The Moonshot Chapter 8— Future Clinical Trial

 

In April, I returned to the Mayo Clinic for a checkup and to see if my esophageal ulcer had healed — an ulcer I had painfully lived with for 12 months. Their endoscopy revealed the ulcer was gone (a huge relief), but also lots of scar tissue remained within the esophageal wall and the appendage had begun curving again.

The report was fairly good news except for the scar tissue issue and I was encouraged that the damage inside my esophagus was not progressing too quickly.

 

I sat down with my Mayo doctor and told him about my moonshot and how it had all started eight months earlier with our conversation about the prospect of a feeding tube in my future. I also told him I was now working with Dr. Jay Pasricha and I was due in Baltimore in two weeks to meet with him and get a different type of endoscopy performed.

 

My Mayo doctor did a double take when I mentioned Dr. Pasricha’s name — totally unrelated to my situation, he had met Dr. Pasricha a few weeks earlier at this very same Mayo Clinic. He praised Dr. Pasricha’s reputation in Achalasia research and was very interested in where this moonshot was going.

*An interesting side note: My Mayo doctor also made it clear that he believes The Mayo Clinic is the best hospital in the world when it comes to treating and healing sick patients. But if I was expecting them to be the leaders in exploring new innovative and cutting edge experiments and clinical trials, I was in the wrong hospital system. I appreciated his candor and to those reading this series, consider this before relying on The Mayo Clinic to find new patient experiments for cures. That’s simply not their mission.

 

Two weeks later, we loaded up the family and traveled to Johns Hopkins hospital for my 14th esophageal endoscopy since 2012 — but this one felt different for me, even if I suspected the results would be like all the others; I was now the patient of Dr. Jay Pasricha and we were exploring ways to find a cure.

 

Unsurprisingly, the results of the endoscopy confirmed what I already knew; I had a flaccid esophagus with no working nerves and muscle. My three previous surgeries had cut the muscle to shreds and scar tissue was prevalent throughout the lining of the esophageal wall.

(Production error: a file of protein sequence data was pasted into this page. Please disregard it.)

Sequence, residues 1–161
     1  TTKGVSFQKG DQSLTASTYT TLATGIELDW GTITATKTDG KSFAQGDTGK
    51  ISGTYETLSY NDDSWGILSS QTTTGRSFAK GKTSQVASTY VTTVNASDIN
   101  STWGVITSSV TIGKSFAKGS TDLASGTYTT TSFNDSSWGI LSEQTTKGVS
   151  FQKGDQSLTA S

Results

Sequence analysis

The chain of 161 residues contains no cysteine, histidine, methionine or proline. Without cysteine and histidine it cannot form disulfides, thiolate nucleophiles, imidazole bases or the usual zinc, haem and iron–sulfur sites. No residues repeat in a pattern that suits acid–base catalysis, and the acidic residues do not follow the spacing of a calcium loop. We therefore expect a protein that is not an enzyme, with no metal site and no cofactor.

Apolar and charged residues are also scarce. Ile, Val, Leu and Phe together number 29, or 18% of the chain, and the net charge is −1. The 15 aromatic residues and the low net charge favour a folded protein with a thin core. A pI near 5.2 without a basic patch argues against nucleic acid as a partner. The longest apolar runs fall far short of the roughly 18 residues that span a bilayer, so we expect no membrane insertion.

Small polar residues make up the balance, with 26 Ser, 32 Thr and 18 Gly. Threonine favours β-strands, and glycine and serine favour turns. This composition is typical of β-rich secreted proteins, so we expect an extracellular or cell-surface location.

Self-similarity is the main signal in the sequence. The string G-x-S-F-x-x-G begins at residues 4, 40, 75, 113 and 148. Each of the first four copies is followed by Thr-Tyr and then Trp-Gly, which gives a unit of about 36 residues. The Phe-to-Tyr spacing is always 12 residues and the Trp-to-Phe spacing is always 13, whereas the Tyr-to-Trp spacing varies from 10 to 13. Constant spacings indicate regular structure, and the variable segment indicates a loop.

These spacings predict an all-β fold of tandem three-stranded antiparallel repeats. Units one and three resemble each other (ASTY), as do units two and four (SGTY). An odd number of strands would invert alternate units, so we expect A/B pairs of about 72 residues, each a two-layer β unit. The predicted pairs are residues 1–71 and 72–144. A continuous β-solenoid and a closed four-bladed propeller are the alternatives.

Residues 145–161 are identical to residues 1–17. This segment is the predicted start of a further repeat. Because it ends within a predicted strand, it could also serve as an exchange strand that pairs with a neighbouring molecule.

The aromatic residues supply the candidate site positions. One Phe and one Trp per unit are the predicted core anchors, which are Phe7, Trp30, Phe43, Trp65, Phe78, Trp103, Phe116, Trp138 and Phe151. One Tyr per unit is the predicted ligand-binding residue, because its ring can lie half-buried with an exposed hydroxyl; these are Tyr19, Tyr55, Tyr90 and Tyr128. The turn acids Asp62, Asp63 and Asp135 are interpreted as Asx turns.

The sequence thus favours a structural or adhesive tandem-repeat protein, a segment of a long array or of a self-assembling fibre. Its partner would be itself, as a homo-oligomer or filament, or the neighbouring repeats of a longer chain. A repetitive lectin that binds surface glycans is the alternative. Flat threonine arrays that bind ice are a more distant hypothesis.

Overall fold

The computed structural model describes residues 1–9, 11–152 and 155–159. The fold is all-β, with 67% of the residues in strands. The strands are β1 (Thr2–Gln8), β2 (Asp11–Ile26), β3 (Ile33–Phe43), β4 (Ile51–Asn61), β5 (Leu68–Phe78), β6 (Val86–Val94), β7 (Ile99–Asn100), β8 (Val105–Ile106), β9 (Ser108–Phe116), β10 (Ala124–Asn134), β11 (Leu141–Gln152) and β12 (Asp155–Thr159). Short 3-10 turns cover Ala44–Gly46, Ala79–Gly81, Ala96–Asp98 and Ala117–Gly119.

Even though this confirmed every other endoscopy I had taken for five years, Dr. Pasricha was willing to assemble a team around me and consider, at some future point, pursuing a clinical trial using stem cells as a means to cure my Achalasia.

When I asked how many people he wanted in the trial, he said, “It will be a one man trial since it’s the first one ever.”

 

Ok then.

My first instinct is that this is really cool. My second thought was, slow down cowboy, how many first time experiments work?

Eventually, I concluded that moving down this road would ensure options and I didn’t need to make any final decisions for a while — so why not keep taking baby steps? Dr. Pasricha did ask if I would be willing to come back to Johns Hopkins in a few weeks and do a different type of endoscopy — my third one for the year and 15th overall. I reluctantly agreed.

 

In the meantime, he had assembled a team to conduct regular conference calls with me to discuss options. The final June endoscopy would reveal the plan forward for stem cell treatment.

 

My June visit to Hopkins ended like the previous 14 endoscopic procedures and I don’t think I need to revisit those results again. A few weeks later, Pasricha and his team reached out with an idea.

 

He was willing to try a one-man clinical trial where they would biopsy calf muscle stem cells from my leg, culture them in a lab (the Cook Myosite in Pittsburgh, PA) to produce hundreds of thousands of stem cells. After that, they would inject them into my esophagus to reconnect the muscle tissue, stimulate nerve function, and regain muscle contraction. To more easily translate this, the hope is that this will make my esophagus work again.

 

Since this has never been done before, Pasricha was clear that there are no odds of this possibly working, or not working. We’d be flying blind.

The next step for me was to get family approval to move forward. Pasricha was tasked with getting the Johns Hopkins Independent Review Board (IRB) to approve the clinical trial and to get The Cook Myosite team to approve taking my calf biopsy and culture.

 

Soon thereafter, I agreed to proceed and The Cook Myosite team agreed as well. All that was left was the IRB’s approval.

 
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